I don’t feel sorry for him.
Still, rather than sling crud at those who cannot defend themselves, we at RSBS prefer to just hit below the belt every once in a while. As long as we draw a laugh out of ya, all is fair.
Hate me, just don’t hate me ‘cuz I’m right.
*Oh yeah, if you’re not already, follow us on Twitter yo!
Ask anyone from my parents’ generation where they were and what they were doing when President Kennedy was assassinated, when the Beatles invaded America or when they first saw Jacqueline Bisset in a wet t-shirt, and chances are he or she will be able to recall every, single, little detail.
Unfortunately, February 23, 2011 will be that day for me: the day Waino went down for the season — a seemingly unerasable stain on the psyche of a bonafide baseball beserker (me, duh).
Booze was consumed, things were broken, neighbors were frightened.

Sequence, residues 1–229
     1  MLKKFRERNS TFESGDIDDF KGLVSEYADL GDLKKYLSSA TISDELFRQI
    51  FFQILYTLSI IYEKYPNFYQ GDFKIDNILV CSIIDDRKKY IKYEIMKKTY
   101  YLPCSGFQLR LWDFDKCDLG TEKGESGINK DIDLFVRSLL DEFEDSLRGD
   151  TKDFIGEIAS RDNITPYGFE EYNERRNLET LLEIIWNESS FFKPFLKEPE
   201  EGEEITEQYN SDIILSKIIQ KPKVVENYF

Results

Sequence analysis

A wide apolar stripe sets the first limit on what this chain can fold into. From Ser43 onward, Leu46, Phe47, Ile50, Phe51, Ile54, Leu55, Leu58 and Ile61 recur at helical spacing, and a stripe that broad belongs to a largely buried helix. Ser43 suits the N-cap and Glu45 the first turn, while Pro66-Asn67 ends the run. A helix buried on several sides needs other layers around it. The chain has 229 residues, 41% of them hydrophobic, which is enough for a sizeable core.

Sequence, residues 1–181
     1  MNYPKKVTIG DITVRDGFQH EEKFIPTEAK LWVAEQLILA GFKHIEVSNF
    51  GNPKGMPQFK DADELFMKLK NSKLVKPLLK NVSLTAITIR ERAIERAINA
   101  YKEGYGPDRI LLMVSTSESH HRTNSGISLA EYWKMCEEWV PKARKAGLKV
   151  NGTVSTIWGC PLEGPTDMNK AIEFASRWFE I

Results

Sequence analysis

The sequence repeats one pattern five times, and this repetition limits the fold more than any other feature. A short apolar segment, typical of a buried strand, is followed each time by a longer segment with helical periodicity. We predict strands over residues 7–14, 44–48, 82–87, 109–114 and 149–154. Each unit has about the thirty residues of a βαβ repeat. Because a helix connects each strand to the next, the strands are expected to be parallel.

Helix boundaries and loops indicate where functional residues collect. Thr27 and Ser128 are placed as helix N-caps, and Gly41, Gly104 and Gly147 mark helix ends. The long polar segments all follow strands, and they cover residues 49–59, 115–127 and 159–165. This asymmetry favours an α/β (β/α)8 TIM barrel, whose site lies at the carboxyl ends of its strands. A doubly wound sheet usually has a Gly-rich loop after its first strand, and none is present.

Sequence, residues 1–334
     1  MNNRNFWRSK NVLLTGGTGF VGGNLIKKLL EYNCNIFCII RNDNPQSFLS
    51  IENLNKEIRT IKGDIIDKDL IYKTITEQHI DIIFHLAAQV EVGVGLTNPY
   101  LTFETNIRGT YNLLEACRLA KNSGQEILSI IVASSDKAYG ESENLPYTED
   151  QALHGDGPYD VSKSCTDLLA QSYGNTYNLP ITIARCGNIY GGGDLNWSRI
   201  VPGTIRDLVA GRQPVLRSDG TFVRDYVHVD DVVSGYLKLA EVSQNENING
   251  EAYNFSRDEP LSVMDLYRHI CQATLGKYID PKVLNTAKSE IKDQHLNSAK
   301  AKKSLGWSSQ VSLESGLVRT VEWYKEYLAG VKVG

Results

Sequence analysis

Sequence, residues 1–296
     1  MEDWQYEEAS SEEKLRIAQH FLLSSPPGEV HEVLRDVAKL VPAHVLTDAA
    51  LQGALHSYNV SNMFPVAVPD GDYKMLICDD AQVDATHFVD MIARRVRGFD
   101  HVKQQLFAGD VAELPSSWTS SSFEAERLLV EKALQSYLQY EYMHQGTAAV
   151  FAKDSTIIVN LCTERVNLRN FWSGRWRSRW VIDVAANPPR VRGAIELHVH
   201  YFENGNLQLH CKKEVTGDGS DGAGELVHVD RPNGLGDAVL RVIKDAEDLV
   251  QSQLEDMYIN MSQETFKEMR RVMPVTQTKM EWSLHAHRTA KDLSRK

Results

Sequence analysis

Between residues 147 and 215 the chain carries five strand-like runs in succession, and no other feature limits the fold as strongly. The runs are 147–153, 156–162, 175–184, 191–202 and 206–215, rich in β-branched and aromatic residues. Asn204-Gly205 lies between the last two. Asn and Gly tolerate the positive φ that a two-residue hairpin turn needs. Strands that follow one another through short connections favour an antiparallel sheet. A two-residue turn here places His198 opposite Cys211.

But that’s over now. I got it all out of my system. And just as in dealing with any other tragic situation, I allowed myself to grieve. But now it’s time to man-up and put things in perspective.
We are still talking about the St. Louis friggin’ Cardinals here. And while we may not have him locked up long-term, we do have the greatest single baseball player of the last quarter century headlining our team, every single day in Albert Pujols.
We still have an ace in Chris Carpenter. We still have AP protection in Matt Holliday. We still have running-game assassin extraordinaire Yadi Molina behind the plate.
And we have the winningest active manager in the game leading them all in Tony LaRussa.
Ain’t no reason to cry, fellow Redbirds fans. The NL Central climate may have changed; we probably don’t line up to run away with the division now, but we have every reason to watch every game and feel really damn good about it.
Rally the troops.
This is war.
Haters g’on hate.
Hate me. Fine. Just don’t hate me ‘cuz I’m right.
(Image courtesy of Eff Yeah Baseball Gifs)
Both my co-blogger and I are fond of running. It’s a great way to stay in shape and clear your mind at the end of a long day or even longer week. But it has its dangers: